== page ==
Linked by Thom Holwerda on Sun 29th Jul 2012 10:48 UTC
Legal Groklaw nails it: "In other words, [Apple and Microsoft] want to disarm the companies that got there first, built the standards, and created the field, while the come-later types clean up on patents on things like slide to unlock or a tablet shape with rounded corners. Then the money flows to Apple and Microsoft, and away from Android - and isn't that really the point of all this, to destroy Android by hook or by crook? The parties who were in the mobile phone business years before Apple or Microsoft even thought about doing it thus get nothing much for their earlier issued patents that have become standards. Apple and Microsoft can't compete on an even field, because the patent system rewards the first to invent (or now, after the recent patent reform, the first to file). Neither Apple nor Microsoft got there first. Samsung was there, since the '90s." To illustrate: Apple is demanding $24 (!) per Samsung device for design patents, while at the same time, Apple also demands that Samsung does not charge more than $0.0049 per standards essential patent per device. This is absolutely, utterly, and entirely indefensible. And then Apple and its supporters have the nerve to claim Samsung is ripping them off. Yes, this pisses me off, and no, that's not because it's Apple doing it (Microsoft is just as guilty). It's because this is plainly, utterly, clearly, and intrinsically unfair.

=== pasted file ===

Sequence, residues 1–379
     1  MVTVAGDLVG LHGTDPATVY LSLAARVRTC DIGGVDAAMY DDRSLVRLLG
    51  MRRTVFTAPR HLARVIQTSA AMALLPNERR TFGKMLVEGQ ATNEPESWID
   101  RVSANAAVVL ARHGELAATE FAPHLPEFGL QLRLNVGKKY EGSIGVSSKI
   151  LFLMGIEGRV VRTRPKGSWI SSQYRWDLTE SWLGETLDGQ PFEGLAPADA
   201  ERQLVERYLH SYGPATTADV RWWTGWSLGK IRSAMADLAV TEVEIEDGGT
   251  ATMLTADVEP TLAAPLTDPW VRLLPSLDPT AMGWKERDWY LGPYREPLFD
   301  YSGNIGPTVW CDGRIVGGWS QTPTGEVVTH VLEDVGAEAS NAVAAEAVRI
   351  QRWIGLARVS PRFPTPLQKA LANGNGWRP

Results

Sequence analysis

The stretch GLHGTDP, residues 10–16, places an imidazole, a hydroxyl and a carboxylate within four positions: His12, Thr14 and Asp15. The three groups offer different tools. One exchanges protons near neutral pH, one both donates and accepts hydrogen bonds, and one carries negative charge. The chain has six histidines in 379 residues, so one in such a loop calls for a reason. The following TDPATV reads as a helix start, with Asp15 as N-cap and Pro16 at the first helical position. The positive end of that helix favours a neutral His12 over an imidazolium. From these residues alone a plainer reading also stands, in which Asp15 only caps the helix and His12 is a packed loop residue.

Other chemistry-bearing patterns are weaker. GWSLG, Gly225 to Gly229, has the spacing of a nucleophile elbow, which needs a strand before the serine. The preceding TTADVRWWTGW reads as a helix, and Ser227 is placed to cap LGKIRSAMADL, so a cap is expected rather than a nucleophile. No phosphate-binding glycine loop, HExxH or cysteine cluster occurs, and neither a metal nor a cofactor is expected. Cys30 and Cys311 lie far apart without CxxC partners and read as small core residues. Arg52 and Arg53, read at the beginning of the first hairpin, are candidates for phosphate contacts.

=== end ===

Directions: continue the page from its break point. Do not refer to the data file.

Permalink for comment 528862
To read all comments associated with this story, please click here.
Comment by kurkosdr
by kurkosdr on Sun 29th Jul 2012 21:18 UTC
Member since:

As long as Motorola Mobility is under Google ownership, there will be at least one brand that makes Androids and doesn't pay extortion royalties.

For some reason, I can't imagine Google agreeing to pay MS and Apple said extortion royalties. Google will redesign and redesign the products to remove any "infrigments" of "patents" the courts found and fight to invalidate the dubious patents MS and Apple are flashing, but one thing they are not going to do is bend over.

So, eventually MS and Apple will have to butt heads with Google directly, much like the IBM vs SCO situation (remember, SCO didn't go directly for IBM either), and the whole thing will end.

Edited 2012-07-29 21:20 UTC

Reply Score: 0